Transcatheter Aortic Valves Provide Long-Term Stability; Mortality Remains High
New registry data, released on Oct. 10 in the Journal of the American College of Cardiology, indicate that balloon-expandable aortic valves maintain functional and hemodynamic stability over the long term, but patients undergoing transcatheter aortic valve implantation (TAVI) suffer high long-term mortality.
The results, are based on 339 consecutive patients enrolled in the Canadian TAVI Multicenter Registry who underwent TAVI with balloon-expandable Edwards valves between 2005 and 2009 in six Canadian centers. They show that at a mean follow-up of 42±15 months, 55.5 percent of patients had died. Of these patients, 10.4 percent suffered cardiac deaths within 30 days of TAVI. Another 44.8 percent of patients died during the follow-up period. The majority of these deaths — 59.2 percent — were noncardiac, with the most frequent cause being pulmonary failure. Another 23 percent of deaths during the follow-up period were attributed to cardiac causes, and 17.8 percent were of unknown causes.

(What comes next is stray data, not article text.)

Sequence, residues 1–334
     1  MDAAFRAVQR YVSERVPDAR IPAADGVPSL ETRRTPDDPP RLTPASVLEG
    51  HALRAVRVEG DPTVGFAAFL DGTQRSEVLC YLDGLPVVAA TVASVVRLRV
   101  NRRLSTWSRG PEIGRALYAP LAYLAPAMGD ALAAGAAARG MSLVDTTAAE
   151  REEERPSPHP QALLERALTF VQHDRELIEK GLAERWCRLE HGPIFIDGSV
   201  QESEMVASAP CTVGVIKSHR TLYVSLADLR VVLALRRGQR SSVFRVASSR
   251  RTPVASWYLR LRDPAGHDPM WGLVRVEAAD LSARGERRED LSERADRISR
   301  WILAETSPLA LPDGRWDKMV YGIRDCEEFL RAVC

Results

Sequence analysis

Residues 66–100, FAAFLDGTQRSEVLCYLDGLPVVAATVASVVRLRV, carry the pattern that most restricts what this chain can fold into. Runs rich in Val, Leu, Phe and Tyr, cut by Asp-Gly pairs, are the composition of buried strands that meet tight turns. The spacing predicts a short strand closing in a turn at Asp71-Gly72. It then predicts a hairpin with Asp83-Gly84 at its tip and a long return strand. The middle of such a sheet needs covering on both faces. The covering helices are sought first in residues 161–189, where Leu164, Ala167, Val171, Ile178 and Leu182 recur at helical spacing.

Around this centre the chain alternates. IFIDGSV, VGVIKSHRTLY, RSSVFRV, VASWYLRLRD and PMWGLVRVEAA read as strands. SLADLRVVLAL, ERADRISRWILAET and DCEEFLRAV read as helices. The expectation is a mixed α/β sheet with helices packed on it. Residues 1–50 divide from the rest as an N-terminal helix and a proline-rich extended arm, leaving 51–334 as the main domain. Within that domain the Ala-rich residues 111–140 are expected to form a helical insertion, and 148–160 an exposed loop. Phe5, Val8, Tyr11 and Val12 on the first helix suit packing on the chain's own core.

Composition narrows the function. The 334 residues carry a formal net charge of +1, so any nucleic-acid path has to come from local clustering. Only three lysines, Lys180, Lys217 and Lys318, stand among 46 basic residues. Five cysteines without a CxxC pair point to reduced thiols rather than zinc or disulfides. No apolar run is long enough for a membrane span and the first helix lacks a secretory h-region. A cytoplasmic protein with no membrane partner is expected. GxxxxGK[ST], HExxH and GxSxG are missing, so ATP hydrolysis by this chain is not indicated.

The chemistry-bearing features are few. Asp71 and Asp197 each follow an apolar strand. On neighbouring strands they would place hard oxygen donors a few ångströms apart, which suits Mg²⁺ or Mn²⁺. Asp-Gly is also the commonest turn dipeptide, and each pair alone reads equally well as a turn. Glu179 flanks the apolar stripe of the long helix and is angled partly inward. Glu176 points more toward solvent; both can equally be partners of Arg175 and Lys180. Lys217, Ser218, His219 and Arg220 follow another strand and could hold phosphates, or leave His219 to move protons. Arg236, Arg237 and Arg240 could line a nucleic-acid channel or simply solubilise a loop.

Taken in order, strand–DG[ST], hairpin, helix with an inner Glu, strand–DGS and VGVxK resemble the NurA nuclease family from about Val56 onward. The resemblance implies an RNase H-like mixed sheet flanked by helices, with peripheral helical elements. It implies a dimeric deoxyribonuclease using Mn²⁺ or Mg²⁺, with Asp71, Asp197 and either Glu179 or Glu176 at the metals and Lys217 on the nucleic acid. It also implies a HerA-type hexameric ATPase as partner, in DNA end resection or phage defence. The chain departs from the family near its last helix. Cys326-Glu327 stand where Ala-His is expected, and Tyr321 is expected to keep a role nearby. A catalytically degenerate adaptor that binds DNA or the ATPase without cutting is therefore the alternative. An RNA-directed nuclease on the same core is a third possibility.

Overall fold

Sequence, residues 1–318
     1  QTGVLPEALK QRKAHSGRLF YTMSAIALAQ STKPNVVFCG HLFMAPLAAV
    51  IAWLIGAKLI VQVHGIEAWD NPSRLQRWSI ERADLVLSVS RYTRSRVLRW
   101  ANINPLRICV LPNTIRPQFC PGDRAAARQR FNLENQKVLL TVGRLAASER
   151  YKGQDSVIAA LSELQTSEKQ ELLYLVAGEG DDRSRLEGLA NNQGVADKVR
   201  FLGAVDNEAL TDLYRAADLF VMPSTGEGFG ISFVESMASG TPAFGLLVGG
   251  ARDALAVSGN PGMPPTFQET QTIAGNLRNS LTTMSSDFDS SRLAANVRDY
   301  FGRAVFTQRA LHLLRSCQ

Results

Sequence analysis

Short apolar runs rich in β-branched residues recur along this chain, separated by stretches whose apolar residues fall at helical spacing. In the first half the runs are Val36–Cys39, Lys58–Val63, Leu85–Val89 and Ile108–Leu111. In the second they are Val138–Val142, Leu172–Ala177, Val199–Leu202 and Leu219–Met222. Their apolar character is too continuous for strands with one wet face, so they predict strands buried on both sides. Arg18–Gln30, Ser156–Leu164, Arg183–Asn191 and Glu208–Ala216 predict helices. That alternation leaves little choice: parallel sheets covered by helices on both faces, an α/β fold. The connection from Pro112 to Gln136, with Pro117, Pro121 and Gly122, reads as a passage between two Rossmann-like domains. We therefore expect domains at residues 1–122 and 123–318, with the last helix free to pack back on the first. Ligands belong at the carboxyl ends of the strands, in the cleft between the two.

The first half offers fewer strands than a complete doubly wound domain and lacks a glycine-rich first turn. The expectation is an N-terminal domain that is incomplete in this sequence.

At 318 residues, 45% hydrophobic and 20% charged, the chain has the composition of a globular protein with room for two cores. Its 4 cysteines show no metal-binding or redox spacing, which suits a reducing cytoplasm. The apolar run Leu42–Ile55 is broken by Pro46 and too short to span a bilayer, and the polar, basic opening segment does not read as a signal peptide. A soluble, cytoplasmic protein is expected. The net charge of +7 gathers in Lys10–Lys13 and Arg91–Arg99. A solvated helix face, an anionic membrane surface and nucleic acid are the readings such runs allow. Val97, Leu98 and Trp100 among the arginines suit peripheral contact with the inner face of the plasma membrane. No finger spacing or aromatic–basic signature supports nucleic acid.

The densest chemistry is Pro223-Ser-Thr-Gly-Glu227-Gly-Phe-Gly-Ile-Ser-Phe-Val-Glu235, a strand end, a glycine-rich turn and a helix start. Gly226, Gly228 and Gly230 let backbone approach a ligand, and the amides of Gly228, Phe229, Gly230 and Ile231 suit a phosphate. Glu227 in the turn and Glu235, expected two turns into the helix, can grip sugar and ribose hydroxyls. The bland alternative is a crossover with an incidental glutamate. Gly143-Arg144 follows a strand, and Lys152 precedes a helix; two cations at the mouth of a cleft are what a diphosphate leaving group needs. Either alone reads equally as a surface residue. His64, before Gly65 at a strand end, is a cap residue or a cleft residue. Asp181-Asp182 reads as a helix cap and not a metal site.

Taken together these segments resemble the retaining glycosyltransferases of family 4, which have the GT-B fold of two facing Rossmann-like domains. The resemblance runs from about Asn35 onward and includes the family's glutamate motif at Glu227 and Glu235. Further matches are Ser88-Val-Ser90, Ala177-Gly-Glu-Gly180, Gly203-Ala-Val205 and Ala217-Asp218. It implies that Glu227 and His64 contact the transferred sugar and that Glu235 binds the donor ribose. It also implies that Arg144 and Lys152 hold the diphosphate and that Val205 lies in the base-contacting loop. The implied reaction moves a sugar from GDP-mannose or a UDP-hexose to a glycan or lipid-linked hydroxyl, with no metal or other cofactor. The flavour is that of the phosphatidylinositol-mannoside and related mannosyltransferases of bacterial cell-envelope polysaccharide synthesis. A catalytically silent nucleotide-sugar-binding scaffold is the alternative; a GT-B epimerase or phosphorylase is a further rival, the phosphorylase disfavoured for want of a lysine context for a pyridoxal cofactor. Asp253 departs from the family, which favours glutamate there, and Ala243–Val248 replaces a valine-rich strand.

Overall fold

On multivariate analysis, chronic obstructive pulmonary disease, chronic kidney disease, chronic atrial fibrillation and frailty were significant predictors of long-term mortality. Echocardiographic studies demonstrated a small, non-clinically significant decrease in valve area at two-year follow-up, but there were no changes in residual aortic regurgitation and no reports of structural valve failure.
According to the study authors, the findings "provide important insights into the long-term durability of balloon-expandable transcatheter valves." The authors suggest that continuous monitoring of these patients beyond four-year follow-up is "essential to provide definite data on long-term transcatheter valve durability."
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